A range of on-demand viewing options — and some new platforms to watch that content on — has traditional television watching on the run, right? Well, not quite. The average number of hours Americans spend every week sitting on the couch watching terrestrial, cable and satellite television continues to rise, according to a new year-end report from Turner Networks.
As a Time (NYSE: TWX) Warner-owned cable conglomerate, Turner usually fashions these reports to highlight the precipitous migration of viewers from broadcast networks like Fox (NSDQ: NWS), CBS (NYSE: CBS), ABC (NYSE: DIS) and NBC (NSDQ: CMCSA) to cable networks like TNT and TBS. (This kind of data spin comes in handy when you’re trying to change perceptions on Madison Avenue, and get the same amount of dollars for your commercials as the big broadcasters get.)
However, Turner’s research also sometimes highlights other interesting viewing trends. According to the report, the average number of hours a typical viewer spent watching TV in 2011 was 34.2 (I know, who are these people, and where do they get the time?). The figure was 34.0 hours in 2010 and 32.3 hours in 2006. This despite the rise of on-demand services like Netflix (NSDQ: NFLX), HBO Go and Hulu, and the emergence of new devices to watch that content on, from tablets to gaming consoles.
— While live viewing has slowly been declining over the last five years – down from an average of 32 hours a week in 2006 to 31.7 hours in 2011 — time-shifted viewing has risen from just 0.4 hours five years ago to 2.5 hours last year.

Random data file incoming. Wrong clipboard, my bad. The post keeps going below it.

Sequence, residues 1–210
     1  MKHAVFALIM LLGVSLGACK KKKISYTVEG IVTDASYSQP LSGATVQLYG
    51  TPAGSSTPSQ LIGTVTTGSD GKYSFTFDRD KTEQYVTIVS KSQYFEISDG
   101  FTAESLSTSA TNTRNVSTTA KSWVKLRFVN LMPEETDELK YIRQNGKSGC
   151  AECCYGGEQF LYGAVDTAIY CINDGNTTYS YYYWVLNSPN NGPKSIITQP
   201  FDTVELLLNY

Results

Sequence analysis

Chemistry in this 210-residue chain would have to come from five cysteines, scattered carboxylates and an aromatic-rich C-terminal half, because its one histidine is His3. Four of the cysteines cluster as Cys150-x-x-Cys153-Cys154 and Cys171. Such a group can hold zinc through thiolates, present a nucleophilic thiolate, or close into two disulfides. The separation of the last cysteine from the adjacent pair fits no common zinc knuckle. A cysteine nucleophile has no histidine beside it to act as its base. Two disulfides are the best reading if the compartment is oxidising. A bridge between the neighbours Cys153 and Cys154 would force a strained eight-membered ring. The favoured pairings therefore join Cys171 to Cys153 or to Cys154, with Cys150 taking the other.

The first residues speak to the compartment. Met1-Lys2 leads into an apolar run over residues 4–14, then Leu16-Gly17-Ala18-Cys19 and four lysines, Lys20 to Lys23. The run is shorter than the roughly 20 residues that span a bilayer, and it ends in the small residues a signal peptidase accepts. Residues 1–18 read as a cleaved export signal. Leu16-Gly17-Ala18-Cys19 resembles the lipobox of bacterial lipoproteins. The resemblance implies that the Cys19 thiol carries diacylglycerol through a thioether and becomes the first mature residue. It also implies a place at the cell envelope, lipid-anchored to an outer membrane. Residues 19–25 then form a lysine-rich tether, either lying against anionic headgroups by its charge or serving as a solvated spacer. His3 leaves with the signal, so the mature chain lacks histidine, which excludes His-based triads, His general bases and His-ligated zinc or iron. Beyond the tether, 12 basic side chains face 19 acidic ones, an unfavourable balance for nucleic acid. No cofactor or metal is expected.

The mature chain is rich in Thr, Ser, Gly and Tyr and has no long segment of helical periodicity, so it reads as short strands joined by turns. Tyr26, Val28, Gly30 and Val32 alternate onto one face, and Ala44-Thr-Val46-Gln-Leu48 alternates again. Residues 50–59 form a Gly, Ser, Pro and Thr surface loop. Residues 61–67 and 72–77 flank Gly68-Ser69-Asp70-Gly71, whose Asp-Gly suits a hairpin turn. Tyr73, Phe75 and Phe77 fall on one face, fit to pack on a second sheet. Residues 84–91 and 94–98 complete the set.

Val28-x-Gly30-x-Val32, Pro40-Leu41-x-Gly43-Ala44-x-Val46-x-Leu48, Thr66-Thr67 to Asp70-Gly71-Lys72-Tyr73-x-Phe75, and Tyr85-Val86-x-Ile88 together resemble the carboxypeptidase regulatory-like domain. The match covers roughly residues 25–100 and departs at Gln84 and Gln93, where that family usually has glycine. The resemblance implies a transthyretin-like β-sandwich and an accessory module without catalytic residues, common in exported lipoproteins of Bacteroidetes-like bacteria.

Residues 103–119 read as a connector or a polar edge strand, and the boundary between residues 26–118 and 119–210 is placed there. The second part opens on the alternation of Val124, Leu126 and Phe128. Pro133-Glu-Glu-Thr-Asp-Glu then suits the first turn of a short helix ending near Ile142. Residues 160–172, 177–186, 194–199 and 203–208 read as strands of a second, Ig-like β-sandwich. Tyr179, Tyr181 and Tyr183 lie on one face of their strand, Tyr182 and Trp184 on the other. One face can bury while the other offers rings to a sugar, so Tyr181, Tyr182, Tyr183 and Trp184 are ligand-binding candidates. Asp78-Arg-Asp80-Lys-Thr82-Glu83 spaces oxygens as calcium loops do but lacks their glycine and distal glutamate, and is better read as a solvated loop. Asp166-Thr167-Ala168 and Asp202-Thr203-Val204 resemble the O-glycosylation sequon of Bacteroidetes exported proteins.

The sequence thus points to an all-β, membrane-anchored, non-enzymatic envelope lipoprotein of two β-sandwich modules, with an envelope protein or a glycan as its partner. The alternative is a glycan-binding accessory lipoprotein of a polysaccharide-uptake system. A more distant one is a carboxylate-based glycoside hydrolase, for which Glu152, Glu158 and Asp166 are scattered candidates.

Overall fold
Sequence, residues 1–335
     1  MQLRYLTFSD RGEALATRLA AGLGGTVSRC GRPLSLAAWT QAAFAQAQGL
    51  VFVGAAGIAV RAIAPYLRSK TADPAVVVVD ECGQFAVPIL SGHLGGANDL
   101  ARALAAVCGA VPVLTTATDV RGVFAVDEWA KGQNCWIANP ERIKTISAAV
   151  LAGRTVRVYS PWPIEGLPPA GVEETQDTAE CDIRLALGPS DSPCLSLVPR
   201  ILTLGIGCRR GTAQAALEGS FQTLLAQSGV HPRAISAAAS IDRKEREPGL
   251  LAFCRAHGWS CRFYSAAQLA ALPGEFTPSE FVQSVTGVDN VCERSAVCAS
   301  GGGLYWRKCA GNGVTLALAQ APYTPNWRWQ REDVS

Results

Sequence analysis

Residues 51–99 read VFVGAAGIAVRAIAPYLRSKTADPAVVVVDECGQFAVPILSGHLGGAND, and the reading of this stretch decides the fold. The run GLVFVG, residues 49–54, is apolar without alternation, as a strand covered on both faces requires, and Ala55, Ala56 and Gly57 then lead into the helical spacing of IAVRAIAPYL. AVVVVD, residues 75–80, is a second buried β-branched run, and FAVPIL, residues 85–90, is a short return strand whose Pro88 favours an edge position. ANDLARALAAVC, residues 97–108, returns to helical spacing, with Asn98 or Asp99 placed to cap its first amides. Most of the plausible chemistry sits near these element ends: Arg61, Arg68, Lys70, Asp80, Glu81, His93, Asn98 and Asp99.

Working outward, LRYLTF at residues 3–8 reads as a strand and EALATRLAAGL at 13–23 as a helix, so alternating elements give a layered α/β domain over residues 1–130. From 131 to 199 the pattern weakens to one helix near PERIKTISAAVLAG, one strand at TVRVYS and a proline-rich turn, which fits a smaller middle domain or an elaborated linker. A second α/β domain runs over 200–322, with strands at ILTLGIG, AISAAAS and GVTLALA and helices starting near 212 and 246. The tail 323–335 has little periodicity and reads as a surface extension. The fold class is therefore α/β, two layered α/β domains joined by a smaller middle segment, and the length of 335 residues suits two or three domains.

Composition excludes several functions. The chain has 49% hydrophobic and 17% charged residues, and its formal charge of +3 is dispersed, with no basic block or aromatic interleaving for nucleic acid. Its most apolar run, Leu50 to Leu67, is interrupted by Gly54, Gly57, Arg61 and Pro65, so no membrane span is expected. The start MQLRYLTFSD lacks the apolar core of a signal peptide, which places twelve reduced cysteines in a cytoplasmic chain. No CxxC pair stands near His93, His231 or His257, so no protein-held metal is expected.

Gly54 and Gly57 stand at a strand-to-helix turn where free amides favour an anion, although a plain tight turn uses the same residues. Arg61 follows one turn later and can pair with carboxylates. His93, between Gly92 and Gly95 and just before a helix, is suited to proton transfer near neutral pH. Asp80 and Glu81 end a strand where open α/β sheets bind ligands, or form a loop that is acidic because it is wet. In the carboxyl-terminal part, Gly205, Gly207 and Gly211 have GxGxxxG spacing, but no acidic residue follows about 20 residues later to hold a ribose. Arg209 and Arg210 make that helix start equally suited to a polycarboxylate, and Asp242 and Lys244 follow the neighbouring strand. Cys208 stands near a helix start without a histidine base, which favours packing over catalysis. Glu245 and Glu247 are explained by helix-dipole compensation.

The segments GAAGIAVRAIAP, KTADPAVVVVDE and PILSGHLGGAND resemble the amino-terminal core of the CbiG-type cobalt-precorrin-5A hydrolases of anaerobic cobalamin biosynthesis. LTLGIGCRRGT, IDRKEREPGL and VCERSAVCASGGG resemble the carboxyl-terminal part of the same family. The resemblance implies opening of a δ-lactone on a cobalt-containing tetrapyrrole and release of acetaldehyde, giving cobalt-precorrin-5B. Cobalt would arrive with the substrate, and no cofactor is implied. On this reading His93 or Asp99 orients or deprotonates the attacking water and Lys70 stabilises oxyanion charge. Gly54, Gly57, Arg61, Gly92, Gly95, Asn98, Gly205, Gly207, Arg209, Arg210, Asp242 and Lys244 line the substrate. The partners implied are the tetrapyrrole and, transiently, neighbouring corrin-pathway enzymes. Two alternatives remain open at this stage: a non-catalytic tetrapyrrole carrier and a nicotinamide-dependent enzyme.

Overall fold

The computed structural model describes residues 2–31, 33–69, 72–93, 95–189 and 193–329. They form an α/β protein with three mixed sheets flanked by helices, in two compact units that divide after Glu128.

— Since 2006, average weekly viewership of the Big Four broadcast networks has slipped from 9.4 hours per week to 7.8 hours, while ad-supported cable watching has increased from an average of 15.6 hours per week five years ago to 17 hours last year.
— Viewership of “other” programming — premium cable channels, Spanish language networks, etc. — increased from an average of 7.4 weekly hours to 9.3 hours over the five-year span.
Over 45 percent of TV viewers used digital video recorders last year, up from 24 percent in 2007, Turner reports. DVR viewing is having a particularly profound influence on cable ratings.
USA Network caper drama Covert Affairs, for example, drew, on average, 61 percent of its total “Live+ 7” audience from time-shifted viewing in the seven days after it aired.
Turner, meanwhile, noted that usage of its content through its various Turner Digital online destinations – which includes everything from the Cartoon Network to CNN — was up 9 percent last year to 93 million unique users, according to comScore.